• In June 2017, the company committed to stop discharging GenX into local waterways around its Fayetteville facility. However, as recently as October, state officials detected levels of GenX coming out of the chemical complex's discharged water that were up to 26 times higher than the legal threshold for drinking water. The discharge doesn't actually become drinking water, but the company is supposed to alert regulators of discharge events of that magnitude, and it didn't. 
  • After the October tests, environmental regulators moved to revoke the company's ability to discharge wastewater from the site and referred the incidents to the North Carolina Bureau of Investigation for potential criminal charges. 
  • In the company's latest 10-Q, it noted five separate lawsuits filed against it for its actions in Fayetteville including from residents, the Cape Fear Public Utility Authority, and nearby Brunswick County. 
  • The state continues to expand its sampling of residential wells near the facility. At last count, 85 households were being supplied with bottled water due to GenX levels in their wells being above the provisional state health goal. 

It's still possible that the company will avoid potential fines or costly legal battles, but recent events certainly aren't favorable to the company. Consider that the households being supplied with bottled water (courtesy of Chemours, as ordered by the state) will need to dig deeper wells or be connected to the local water system with new and costly water lines. That could take months or years.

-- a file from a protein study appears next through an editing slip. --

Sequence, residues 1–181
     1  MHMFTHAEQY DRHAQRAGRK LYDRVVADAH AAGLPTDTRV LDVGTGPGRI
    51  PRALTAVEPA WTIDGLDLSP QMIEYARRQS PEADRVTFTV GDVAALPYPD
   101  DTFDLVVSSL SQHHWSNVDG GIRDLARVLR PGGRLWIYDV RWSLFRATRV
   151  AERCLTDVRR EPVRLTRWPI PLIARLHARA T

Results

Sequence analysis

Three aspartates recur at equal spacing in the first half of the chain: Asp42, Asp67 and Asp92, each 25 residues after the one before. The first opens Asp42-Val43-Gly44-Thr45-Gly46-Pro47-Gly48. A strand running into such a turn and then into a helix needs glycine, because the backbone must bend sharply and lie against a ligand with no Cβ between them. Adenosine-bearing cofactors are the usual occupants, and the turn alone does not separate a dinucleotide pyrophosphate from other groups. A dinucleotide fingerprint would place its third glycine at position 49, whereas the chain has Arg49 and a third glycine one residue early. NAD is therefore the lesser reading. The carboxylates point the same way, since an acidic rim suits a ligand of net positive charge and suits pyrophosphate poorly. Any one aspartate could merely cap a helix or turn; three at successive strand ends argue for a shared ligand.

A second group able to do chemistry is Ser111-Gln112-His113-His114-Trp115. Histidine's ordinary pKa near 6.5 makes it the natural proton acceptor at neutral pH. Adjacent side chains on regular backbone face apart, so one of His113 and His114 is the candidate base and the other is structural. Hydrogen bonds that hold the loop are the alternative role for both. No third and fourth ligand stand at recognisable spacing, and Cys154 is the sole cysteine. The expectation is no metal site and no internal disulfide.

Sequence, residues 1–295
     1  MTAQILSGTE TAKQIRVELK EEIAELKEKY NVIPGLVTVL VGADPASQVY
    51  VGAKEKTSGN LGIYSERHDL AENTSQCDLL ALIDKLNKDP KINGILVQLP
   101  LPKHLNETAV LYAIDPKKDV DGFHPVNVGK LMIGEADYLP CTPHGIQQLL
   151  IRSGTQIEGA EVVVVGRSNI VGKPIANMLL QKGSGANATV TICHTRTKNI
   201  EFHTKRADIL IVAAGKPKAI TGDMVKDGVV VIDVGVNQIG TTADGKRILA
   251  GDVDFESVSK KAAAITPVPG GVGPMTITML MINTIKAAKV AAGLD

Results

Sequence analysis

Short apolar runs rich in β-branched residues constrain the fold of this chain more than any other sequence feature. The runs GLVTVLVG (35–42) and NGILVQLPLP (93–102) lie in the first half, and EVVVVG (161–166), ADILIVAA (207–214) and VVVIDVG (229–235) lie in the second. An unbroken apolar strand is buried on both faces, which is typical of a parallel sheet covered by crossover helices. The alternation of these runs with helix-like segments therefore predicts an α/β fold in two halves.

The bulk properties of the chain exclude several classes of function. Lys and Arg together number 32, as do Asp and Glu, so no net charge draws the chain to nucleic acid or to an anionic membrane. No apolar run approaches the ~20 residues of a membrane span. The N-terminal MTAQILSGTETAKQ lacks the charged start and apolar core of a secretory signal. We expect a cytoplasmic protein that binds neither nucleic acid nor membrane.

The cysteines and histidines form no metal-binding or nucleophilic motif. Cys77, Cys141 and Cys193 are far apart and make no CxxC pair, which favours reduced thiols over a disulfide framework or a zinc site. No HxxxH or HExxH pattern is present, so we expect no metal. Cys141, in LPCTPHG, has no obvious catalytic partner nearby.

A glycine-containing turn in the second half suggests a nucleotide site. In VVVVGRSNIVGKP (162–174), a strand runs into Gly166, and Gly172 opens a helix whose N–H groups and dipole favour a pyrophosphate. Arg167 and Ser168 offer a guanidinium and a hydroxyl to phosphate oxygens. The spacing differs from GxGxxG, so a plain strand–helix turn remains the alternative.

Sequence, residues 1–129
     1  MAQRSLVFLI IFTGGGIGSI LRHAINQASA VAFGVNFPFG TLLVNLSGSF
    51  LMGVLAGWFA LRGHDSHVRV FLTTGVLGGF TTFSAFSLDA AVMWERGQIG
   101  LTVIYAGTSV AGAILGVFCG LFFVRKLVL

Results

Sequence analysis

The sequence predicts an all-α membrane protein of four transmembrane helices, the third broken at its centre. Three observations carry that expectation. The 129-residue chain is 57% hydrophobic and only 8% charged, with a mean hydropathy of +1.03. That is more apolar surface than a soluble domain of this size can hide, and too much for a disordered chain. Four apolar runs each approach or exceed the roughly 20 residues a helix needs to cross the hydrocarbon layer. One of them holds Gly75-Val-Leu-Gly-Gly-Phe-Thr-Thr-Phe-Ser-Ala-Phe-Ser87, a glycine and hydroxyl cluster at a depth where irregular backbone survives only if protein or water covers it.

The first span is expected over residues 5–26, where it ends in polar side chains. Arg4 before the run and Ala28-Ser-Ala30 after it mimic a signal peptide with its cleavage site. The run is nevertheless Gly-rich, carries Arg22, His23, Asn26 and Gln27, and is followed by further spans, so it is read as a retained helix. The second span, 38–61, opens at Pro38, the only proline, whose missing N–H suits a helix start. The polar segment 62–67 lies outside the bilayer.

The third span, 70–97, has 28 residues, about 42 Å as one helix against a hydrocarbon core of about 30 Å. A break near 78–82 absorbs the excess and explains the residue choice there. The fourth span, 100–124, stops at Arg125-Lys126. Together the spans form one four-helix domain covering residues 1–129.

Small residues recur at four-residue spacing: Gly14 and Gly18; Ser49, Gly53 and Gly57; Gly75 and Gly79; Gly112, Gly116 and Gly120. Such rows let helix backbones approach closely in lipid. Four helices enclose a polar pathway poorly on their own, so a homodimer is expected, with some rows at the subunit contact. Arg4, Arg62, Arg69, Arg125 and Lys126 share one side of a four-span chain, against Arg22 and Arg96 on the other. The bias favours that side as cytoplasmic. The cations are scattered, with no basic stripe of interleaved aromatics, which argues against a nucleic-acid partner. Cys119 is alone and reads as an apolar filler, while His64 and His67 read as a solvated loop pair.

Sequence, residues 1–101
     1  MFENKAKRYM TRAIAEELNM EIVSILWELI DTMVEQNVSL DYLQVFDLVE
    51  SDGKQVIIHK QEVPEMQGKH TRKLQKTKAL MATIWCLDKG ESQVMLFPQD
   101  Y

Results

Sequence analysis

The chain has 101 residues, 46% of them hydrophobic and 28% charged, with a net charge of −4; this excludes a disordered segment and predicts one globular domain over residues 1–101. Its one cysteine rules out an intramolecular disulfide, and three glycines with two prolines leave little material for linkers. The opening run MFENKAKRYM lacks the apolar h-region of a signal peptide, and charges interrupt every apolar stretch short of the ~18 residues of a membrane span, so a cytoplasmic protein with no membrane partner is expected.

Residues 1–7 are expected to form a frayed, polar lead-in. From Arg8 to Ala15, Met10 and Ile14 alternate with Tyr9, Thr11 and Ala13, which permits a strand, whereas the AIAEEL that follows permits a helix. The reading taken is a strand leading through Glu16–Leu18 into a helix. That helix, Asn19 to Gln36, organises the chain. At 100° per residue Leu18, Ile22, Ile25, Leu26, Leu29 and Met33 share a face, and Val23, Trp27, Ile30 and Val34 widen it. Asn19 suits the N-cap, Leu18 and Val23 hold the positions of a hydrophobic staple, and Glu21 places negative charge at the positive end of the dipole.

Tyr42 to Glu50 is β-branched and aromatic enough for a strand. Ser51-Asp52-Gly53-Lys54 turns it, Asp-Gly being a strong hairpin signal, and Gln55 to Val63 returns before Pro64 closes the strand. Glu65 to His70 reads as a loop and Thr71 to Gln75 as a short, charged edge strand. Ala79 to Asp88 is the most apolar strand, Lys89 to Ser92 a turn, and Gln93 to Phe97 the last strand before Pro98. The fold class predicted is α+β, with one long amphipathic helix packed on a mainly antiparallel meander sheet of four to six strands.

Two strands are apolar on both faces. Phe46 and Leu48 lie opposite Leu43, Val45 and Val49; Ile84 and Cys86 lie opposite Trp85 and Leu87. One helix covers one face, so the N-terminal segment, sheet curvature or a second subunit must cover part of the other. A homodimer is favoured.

Or consider that the company's former parent, Dow Chemical, now part of DowDuPont, may disagree with its liability in any potential lawsuits. A similar dispute elevated Wall Street's concern over the settlement involving PFOA that was announced earlier this year. Each company paid half of the $670 million settlement, easing concerns, but that may not be the case for lawsuits over GenX.

No matter how this plays out, one thing is sure: Uncertainty is about to return for Chemours. And uncertainty is never good for a stock.

Maxx Chatsko has no position in any of the stocks mentioned. The Motley Fool has no position in any of the stocks mentioned. The Motley Fool has a disclosure policy.